A judge has upheld felony charges against a woman accused of using Facebook to try to find someone to kill her baby's father and against a teenager accused of offering to do the job for $1,000.
A defense lawyer argued that 20-year-old London Eley, of Philadelphia, was only venting when she posted the online message after an argument with her baby's father. Police say 18-year-old Timothy Bynum, of suburban Darby, accepted the offer and asked for details about the target.
"I will pay somebody a stack to kill my baby father," Eley wrote in a post this spring, according to a police affidavit.
"Say no more ... what he look like ... where he be at ... need that stack 1st," Bynum wrote back, police say.
Eley exchanged messages with Bynum for about an hour but never met him or took any other steps to carry out the plan, according to her lawyer, Gerald Stein.
A city judge on Monday approved a murder solicitation charge and a weapons charge _ with the computer being considered the weapon _ against Eley and approved murder conspiracy and weapons charges against Bynum. Police say they found several weapons in Bynum's home, although Stein said he believes one was lawfully licensed to a parent and another was a BB gun.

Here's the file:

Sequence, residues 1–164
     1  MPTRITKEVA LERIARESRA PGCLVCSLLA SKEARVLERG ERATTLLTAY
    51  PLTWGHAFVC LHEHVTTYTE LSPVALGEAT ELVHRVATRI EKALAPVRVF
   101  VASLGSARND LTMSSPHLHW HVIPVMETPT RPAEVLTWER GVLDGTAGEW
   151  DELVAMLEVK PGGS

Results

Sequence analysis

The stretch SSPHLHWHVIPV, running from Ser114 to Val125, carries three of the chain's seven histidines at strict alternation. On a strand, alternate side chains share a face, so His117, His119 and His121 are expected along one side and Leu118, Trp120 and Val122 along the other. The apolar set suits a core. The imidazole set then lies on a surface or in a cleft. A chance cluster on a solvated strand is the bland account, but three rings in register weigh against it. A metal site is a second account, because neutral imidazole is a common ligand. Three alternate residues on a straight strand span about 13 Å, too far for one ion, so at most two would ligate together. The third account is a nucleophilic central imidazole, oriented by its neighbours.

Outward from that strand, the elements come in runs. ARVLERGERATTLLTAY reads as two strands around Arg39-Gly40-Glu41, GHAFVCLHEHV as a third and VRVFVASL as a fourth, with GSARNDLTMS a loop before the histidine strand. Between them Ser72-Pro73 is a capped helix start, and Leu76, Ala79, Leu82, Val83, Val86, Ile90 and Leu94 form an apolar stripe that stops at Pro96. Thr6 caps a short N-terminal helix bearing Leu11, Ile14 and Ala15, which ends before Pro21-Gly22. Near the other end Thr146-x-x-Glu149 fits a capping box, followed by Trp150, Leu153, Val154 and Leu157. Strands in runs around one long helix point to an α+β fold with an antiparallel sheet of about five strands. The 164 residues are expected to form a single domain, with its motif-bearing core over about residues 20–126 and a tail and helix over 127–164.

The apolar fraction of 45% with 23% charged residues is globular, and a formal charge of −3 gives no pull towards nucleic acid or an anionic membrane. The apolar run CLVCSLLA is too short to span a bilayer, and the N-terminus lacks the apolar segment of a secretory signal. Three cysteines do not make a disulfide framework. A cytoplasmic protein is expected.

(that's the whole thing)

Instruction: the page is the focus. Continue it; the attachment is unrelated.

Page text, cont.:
The Philadelphia Daily News first reported on the judge's rulings, which Stein confirmed.
Both defendants remained in custody Monday, with bail reduced from $50,000 to $35,000 for Eley and from $75,000 to $50,000 for Bynum. They are due back in court for arraignment on Sept. 6.
The hit wasn't carried out, and the baby's father wasn't harmed. His family apparently learned of the posts and contacted police, who arrested Eley and Bynum in June.
Stein said Eley simply had been venting online "over an argument that she had with the boyfriend."
"And then, after an hour, she calmed down. End of story," Stein said. "Well, when you do it on a computer, you are putting it out there for the whole world to see and memorializing it. Unfortunately, it sort of magnifies the anger."
However, a prosecutor said Eley was asked online if she was joking about the hit and insisted she wasn't.
"It is a unique case," Assistant District Attorney Jack O'Neil said. "I think the judge made the right decision, and we're going forward from here."
Bynum's lawyer, Lopez Thompson, did not immediately return messages from The Associated Press seeking comment on Monday.